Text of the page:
Tristan Perich

Tristan PerichThanks to this tweet from Fast Company, I dove head first into a rabbit hole today. By the time I came back up for air a couple hours later, I had ordered a (1) CD that isn’t a CD, (2) five stepper motor/controller sets, and (3) 20 empty plastic spools from China.

Why did I dive in you say? Because I was inspired by the simplicity and elegance of Tristan Perich’s 1-bit audio, especially the presentation of this “music” in physical component format.

Do I think I will enjoy the music? No, absolutely not, it will probably be one listen noise. But the “CD” will hold a special place in my collection of shiny things because of what it is.

I fell deeper into the hole when I watched videos on the mictrotonal wall and drawing machine.  Wow. Just wow.

The wall is stunning. While the video hits home with the pitch changes as the camera pans down the wall, I am sure it was much better in person.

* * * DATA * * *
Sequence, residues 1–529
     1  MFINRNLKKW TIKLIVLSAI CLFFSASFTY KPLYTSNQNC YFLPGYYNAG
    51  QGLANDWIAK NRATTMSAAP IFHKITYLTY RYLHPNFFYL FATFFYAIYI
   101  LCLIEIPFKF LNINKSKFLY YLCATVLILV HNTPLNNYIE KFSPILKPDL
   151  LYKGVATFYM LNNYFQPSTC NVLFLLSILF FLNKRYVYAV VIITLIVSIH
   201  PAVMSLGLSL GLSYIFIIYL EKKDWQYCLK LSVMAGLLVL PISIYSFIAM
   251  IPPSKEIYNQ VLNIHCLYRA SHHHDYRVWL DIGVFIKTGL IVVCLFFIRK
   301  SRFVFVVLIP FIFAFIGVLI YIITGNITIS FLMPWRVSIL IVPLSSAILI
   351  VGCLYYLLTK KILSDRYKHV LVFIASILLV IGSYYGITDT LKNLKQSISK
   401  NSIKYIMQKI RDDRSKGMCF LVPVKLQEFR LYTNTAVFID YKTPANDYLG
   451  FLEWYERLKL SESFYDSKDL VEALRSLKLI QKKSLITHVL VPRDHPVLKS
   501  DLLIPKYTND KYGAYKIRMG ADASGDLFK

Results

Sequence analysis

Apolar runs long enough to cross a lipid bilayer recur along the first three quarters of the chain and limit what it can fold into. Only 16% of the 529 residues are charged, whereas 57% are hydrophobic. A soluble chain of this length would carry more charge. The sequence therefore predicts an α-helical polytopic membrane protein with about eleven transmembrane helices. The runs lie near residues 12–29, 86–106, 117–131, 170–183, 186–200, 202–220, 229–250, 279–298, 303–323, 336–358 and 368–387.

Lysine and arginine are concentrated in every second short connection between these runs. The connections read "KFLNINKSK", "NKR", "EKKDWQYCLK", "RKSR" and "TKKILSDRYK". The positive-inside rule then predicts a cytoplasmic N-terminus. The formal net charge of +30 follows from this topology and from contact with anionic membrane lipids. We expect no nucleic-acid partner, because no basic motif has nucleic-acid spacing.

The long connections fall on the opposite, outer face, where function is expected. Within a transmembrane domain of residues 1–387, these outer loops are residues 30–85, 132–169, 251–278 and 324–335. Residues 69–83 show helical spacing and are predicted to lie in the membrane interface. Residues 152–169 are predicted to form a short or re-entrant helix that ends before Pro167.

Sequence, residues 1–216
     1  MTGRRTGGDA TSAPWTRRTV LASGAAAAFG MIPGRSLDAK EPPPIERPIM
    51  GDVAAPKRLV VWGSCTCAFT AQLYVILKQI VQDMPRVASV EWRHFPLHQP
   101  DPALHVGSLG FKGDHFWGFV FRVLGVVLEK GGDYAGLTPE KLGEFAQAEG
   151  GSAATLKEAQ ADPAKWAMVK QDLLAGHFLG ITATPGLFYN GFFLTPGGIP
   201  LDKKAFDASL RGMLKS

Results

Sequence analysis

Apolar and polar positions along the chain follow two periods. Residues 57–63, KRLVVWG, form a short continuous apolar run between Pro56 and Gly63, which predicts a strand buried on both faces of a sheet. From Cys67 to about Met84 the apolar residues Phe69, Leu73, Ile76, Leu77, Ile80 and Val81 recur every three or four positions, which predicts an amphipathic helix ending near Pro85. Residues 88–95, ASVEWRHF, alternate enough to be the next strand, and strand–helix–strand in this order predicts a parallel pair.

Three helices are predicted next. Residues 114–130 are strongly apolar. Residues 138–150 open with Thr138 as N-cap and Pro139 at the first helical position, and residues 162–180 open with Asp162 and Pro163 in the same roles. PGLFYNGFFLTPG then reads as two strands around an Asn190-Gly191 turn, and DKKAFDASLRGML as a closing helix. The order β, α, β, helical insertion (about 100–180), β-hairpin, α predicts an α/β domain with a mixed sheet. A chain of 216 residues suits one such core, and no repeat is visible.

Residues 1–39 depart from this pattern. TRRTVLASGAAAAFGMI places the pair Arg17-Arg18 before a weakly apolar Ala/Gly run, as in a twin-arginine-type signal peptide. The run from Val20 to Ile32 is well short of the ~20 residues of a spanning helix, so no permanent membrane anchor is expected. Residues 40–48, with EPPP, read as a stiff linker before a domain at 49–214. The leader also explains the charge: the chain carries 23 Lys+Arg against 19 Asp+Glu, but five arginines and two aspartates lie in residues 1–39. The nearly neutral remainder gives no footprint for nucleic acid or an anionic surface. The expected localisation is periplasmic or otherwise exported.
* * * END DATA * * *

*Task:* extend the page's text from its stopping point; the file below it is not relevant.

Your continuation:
It was the computer physically generated art that had me hooked. I have long had a love for this type of thing after learning about the Cybernetic Serendipity exhibition many years ago, then reading the very hard to read, very academic book “When the Machine Made Art: The Troubled History of Computer Art” by Grant D Taylor.

It is on the topic of Tristan’s drawing machine that I spent most of my time exploring while in the hole.  How did Tristan make the drawing machine? How can I make one? What would the output be with differences in code or construction? When is the right time to stop the random walk that is creating the art? Is the creation as big of a part of the art as the final output?

I  found my way out after researching step motors (the kind used to make plotters and 3D printers) and how to program them with the Raspberry Pi.  I found how I might create my own drawing machine, and quickly ordered the parts thanks to eBay’s bottomless pit of cheap parts.

Stat tuned for an update on that project when I get around to it.

 

About Rob

Product visionary, problem solver, eCommerce marketer, comparison shopping guy, marketplace maker, evening entrepreneur, friend, husband, and father.

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